We were assured that they would not do any damage to the trail or the natural area along the trail. We were also assured that the ATV's would not go up on the 'ridge' but this must have meant the grassy knoll at the end of the split. We were assured that this would be the only time ATV's would use the trail but the rally was advertised as 'annual'. At first the club claimed they had permission to use the trail but the BNS committee had contacted two of the owner who definitely had not given permission (One was the Minas Basin Holding Company Ltd who owns the largest piece at the end of the split). Later the club admitted they may not have had permission from all the land owners but seemed not to be concern about this lack of permission.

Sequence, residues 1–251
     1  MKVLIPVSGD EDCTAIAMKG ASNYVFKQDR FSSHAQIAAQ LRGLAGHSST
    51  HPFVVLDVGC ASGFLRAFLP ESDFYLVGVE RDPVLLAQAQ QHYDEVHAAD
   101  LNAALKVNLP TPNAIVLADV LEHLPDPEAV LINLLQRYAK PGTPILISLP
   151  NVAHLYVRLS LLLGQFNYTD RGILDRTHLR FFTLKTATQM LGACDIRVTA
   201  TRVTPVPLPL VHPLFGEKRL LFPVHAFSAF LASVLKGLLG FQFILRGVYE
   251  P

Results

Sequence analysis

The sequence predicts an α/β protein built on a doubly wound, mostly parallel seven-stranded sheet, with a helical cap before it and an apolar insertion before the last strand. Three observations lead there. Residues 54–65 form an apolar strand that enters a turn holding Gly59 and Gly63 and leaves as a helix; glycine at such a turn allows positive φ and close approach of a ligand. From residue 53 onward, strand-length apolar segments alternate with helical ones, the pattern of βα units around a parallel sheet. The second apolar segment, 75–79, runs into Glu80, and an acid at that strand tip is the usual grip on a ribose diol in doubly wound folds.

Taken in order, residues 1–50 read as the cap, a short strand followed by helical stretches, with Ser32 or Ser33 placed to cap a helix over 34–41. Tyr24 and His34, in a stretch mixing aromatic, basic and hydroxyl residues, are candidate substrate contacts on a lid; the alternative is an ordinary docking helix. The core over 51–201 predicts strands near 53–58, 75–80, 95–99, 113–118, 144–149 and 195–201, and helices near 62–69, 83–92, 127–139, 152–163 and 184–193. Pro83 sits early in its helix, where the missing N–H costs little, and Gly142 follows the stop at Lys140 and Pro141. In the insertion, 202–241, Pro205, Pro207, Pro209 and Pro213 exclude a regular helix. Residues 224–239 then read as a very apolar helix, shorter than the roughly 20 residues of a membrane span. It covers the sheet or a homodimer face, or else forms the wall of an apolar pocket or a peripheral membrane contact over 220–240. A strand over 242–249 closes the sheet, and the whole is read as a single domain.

Monitoring the Effects of the Rally:

Reference Photo-survey - Dec 10

Since the rally was going ahead, we felt that we should monitor the effects of a group of ATV's over the trail. On December 10, I walked the trail and photographed selected places along the trail for reference. I planned to repeat the photography after the rally on December 12. On the 10th I met a party of 5 ATV's and a trail bike returning from the split end. During a conversation I learned of the views of these ATV bikers on the trail.

  • ATV's do not require permission to travel the trail.
  • The trail is already damaged by trail bikes and hiking and ATV's don't harm it any more.
  • Recreational ATV's are needed on the trail to save lives (training riding the trails in order to properly rescue a person who gets hurt).
  • They will encourage other ATV clubs to ride the trail to Cape Split from now on.
  • They do not want to hear that ATV's on the trail is unpleasant.
  • Cape Split is not a sensitive area to be protected.